Capital Markets

INTRODUCTION

Capital Markets are markets where long-term instruments are traded e.g. equities, preference shares, debentures etc.

A good example of a Capital Market is the Stock Exchange.

  • MAIN FUNCTIONS

The main functions of the Stock Exchange are:

  • PRIMARY MARKET –  used to raise new finance/issue new securities
  • SECONDARY MARKET – trade in second-hand securities. This is where most of the day-to-day activity takes place.
  • COMPANY FLOTATION
  • SHARE SWAP –  securities used as consideration in takeover of other companies

CAPITAL PROVIDERS

The main providers of capital are:

  • Pension Funds
  • Insurance Companies
  • Investment Trusts
  • Unit Trusts
  • Other Financial Institutions
  • Overseas Investors
  • Venture Capital Organisations
  • Business Expansion Scheme Funds Individuals
  • COMPANY FLOTATION

There are many reasons why a company may be floated on the Stock Market (“Going Public”).  Chief among these is access to capital.

  • Advantages – Shareholders
    • Cash for some shares.
    • Wider market for remaining shares.
    • Shares perceived as less risky.
    • Ready share price available.
  • Advantages – Company Possibility of new funds.
    • Better credit-standing.
    • Ability to “swap shares” on a takeover.
    • Ability to issue shares more easily at a later date.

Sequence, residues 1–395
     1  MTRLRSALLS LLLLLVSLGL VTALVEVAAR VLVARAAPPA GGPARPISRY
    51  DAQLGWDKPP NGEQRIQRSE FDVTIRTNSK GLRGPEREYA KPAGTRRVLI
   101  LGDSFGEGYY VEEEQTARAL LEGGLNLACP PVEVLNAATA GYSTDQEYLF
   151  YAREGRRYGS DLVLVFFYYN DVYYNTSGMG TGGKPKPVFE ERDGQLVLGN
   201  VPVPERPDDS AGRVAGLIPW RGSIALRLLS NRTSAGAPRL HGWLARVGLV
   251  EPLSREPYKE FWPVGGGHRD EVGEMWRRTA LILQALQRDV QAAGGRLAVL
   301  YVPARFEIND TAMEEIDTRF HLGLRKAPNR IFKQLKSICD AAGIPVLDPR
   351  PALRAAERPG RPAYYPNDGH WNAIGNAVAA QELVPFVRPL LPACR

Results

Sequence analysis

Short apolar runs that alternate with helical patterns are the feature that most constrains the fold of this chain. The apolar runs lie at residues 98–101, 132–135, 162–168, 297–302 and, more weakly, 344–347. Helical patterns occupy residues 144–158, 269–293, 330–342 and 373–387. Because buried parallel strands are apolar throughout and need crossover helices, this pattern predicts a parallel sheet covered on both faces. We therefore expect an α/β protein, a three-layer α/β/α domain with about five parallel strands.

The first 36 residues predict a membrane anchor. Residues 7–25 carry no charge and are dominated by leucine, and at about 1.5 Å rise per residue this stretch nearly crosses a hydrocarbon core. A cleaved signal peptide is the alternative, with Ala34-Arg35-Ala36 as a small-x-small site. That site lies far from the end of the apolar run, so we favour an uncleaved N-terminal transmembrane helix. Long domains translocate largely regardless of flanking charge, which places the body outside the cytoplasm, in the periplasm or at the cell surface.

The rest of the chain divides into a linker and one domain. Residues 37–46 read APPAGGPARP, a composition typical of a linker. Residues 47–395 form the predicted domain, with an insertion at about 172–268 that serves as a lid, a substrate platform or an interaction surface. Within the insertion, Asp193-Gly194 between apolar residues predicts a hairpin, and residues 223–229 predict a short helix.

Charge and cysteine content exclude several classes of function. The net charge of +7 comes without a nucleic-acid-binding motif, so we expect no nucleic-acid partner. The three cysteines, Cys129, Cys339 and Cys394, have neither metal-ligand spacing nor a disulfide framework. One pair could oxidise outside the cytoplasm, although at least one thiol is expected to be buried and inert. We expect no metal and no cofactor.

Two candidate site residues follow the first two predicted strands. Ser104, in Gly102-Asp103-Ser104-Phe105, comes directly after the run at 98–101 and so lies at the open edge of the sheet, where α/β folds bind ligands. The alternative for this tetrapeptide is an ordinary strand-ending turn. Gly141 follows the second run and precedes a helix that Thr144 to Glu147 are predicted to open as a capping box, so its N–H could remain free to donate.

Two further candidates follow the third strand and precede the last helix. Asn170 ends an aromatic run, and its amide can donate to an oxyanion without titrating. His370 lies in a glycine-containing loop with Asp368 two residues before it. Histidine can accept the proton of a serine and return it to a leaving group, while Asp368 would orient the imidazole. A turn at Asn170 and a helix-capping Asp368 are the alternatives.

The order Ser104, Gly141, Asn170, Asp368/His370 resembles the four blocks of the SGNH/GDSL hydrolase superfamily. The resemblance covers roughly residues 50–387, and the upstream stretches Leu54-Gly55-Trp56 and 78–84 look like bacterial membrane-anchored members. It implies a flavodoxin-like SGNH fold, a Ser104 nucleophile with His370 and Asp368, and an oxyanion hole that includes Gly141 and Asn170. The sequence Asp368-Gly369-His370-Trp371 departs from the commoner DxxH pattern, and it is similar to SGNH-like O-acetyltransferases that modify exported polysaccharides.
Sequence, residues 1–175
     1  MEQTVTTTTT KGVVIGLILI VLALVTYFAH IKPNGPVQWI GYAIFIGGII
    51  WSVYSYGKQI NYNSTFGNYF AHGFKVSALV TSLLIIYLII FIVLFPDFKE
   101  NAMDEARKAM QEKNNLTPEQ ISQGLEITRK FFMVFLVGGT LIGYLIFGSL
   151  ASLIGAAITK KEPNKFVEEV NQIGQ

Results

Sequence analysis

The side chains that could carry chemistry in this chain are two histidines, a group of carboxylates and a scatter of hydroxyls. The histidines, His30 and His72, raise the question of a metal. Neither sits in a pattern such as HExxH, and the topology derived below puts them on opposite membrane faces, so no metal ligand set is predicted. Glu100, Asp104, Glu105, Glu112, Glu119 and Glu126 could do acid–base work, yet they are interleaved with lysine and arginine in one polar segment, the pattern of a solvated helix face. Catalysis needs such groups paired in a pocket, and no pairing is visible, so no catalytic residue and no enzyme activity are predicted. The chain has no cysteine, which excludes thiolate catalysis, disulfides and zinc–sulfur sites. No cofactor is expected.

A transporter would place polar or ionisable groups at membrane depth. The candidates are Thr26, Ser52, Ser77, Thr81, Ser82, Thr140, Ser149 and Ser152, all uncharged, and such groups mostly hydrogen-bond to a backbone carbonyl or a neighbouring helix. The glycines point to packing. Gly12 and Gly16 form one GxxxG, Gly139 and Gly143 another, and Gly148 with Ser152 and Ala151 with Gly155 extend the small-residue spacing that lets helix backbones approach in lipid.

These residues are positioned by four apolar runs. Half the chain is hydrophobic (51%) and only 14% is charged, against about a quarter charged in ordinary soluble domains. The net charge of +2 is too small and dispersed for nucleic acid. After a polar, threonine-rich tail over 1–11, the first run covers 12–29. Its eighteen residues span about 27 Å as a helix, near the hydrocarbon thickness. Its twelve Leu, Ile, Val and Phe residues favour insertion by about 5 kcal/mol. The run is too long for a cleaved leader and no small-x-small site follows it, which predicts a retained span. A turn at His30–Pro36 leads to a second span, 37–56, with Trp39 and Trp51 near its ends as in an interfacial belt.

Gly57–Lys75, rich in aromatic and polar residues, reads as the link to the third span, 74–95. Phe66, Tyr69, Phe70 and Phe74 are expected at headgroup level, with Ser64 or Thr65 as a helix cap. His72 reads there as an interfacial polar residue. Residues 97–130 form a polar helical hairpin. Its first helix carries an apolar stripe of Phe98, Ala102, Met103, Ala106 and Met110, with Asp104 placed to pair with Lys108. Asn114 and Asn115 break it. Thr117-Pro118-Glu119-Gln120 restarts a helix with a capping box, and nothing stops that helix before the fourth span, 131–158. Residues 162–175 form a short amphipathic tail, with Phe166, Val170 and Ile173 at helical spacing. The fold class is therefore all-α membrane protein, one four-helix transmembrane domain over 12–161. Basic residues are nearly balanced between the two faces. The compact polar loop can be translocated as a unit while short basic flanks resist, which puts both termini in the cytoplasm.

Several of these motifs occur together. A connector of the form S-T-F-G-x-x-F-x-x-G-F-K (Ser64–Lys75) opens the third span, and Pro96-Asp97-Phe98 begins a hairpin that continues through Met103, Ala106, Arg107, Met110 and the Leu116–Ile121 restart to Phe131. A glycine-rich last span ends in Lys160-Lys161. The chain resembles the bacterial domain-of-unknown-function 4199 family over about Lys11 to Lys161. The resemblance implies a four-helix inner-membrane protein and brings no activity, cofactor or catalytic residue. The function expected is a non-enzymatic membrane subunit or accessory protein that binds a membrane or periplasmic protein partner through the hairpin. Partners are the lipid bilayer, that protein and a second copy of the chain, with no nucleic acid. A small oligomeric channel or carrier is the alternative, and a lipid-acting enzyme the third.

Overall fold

• Reduced risk & greater marketability leads to lower cost of capital.
    • Extra status.
    • Possibility of share options for top employees.
  • Disadvantages
    • Costs can be quite high.
    • Compliance with stringent regulations.
    • Dilution of control.
    • Additional administration.
    • Extra scrutiny of profitability/performance.

 

  • GOING PRIVATE

Some company shareholder(s) take a company from public ownership back to private ownership. This happens when the major shareholder and possibly founder finds compliance with the rules governing public limited companies and reporting to shareholders expensive and time-consuming.  Also public ownership also confers a pressure to maintain share price through short-term profits or dividends. Where the major shareholder is also chief executive officer or managing director this can be a disincentive to public ownership.

 

  • EFFICIENT MARKETS

A market is generally regarded as efficient if the following are present:

  • Prices immediately reflect all relevant available information
  • No individual investor dominates the market Transaction costs are not too high to discourage trading

Are the markets efficient?   The Efficient Market Hypothesis (EMH) has been developed to test different levels of efficiency.   [Note:  Hypothesis is defined as a supposition put forward as a basis for reasoning or investigation.]

The Efficient Market Hypothesis tests three degrees of efficience

  • Weak Form Efficiency

Prices reflect the information in past stock prices.

  • Semi-strong Form Efficiency

Prices reflect past price information

Plus

All publicly available information.

  • Strong Form Efficiency

Prices reflect past price information

Plus

All publicly available information

Plus

Inside information

Most of the research suggests that capital markets are semi-strong-form efficient but not quite strong-form efficient.

 

(Visited 23 times, 1 visits today)
Share this:

Written by 

Leave a Reply

Your email address will not be published. Required fields are marked *